However, if you decide to double the recipe, you can add an extra egg if you want to. (Also, if you're keeping track, there are further directions on the back of the card about adding butter, etc.)
More delicious sourdough recipes:
- Start with leftover starter [Discard] or Unfed Starter. Starter should be healthy, but should not have been fed in the last 12 hours. This recipe is very forgiving. Use one cup, more or less.
- Sift dry ingredients (flour, sugar, baking powder, salt, and baking soda) together into a medium bowl. Add wet ingredients (e.g., sourdough starter, milk, egg, and melted butter) to dry ingredients.
- Whisk to thoroughly combine. The mixture should begin to bubble almost immediately.
- Preheat griddle or skillet to 325°-350° F. When griddle is hot, spray it with cooking spray or lightly oil it with a neutral oil. (I use extra light olive oil.)Pour ¼ cup of pancake batter onto the preheated, oiled griddle or skillet.
- Flip pancakes over when the top begins to bubble and the bubbles do not fill in.
- Cook pancakes for an additional 1-2 minutes, or until they cooked through.
This website provides approximate nutrition information for convenience and as a courtesy only. You are solely responsible for ensuring that any nutritional information provided is accurate, complete, and useful.
What's the difference between Hotcakes and Pancakes?
Pancakes, by broad definition, include any flat, pan-fried cake that is flipped in order to complete cooking. They are nearly always round (unless you're into fancy pancake art) and are cooked on an oiled griddle or frying pan. Pancakes may be leavened or unleavened, and can be sweet or savory; a list which includes everything from potato latkes to french crepes.
Hotcakes are a specific type of pancake; however, from what I can tell, what you call your hotcakes depends a lot upon where you're from. In many parts of the United States, the terms pancakes, flapjacks, griddlecakes, and hotcakes are used interchangeably.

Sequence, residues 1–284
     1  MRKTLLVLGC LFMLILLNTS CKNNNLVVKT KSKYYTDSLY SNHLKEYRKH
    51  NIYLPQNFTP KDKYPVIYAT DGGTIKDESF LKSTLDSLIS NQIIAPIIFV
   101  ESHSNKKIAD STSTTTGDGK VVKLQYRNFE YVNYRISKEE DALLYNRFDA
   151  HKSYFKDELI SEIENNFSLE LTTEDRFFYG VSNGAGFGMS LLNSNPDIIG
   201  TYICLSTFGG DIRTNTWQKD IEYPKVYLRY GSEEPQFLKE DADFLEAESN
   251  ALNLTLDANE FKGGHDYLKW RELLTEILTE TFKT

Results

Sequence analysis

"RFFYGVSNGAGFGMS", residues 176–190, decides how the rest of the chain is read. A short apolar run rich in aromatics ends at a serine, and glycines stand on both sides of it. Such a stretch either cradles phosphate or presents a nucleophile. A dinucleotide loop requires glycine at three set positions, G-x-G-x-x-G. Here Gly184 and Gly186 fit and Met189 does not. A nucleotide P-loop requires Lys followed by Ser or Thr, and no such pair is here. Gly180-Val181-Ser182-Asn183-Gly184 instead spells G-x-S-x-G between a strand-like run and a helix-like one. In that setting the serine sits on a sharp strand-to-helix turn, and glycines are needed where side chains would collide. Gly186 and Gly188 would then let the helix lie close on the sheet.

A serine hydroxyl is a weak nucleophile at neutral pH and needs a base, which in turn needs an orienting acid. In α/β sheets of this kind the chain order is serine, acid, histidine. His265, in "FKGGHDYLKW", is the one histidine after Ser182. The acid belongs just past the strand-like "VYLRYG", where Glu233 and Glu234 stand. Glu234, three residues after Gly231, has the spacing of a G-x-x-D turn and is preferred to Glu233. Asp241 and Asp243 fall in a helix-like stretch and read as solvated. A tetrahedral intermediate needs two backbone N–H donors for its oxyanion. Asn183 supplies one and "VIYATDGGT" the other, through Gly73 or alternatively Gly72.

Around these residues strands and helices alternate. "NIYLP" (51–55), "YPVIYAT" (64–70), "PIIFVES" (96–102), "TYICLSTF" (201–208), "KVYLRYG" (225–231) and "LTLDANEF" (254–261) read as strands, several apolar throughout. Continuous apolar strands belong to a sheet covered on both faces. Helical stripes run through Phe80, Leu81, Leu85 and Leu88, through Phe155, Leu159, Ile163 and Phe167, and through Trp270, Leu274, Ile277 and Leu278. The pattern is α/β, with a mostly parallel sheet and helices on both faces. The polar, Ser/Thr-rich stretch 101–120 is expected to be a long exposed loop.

American hotcakes (or breakfast pancakes) usually include milk, eggs, flour, and fat (i.e., butter, oil, etc.), and they also always includes a leavening agent, making them rise and puff up when cooked. In contrast, when I was researching this, I learned that British pancakes are often unleavened and resemble a crêpe.
All that said, my mother was from Missouri, and was particular about things like this. She would tell you that the recipe shared here is for Hot Cakes [two words] and they look and taste nothing like their flat, thin pancake cousins.
Frankly, you can call them whatever you want; because whatever they are called, they're always delicious!
Stages of a Healthy Sourdough Starter
Use Discard or Unfed Starter for this recipe.
- Fed Starter – Fed Starter is active, healthy starter that has been fed within about 2 hours. By hour 2, it will be producing little bubbles on the surface.
- Active Starter – Starter is Active about 5 hours after feeding. By hour 5, you should be able to watch large bubbles actively rising through the Starter and making their way to surface.
- Ripe Starter – Starter is considered Ripe about 8 hours after feeding. The volume has doubled, and the top is just beginning to show signs of sagging under its own weight.
- Unfed Starter – Unfed Starter is healthy, vigorous Starter that has not been fed for 12 hours or more. By hour 12, it collapsed after Ripening, and is ready to be fed again or put in the fridge until next time. (Note that this is NOT neglected Starter that hasn’t been fed in days.)
- Discard – Sourdough discard is the portion of your sourdough starter that you get rid of when you do a feeding. It should be healthy and vigorous, with some small bubbling activity.
Sourdough Starter: If you do not yet have a sourdough starter, there are a number of ways to get one; including making a rye sourdough starter [ready to use in 5-7 days] or starting one from dried starter flakes [ready to use in 10+ days].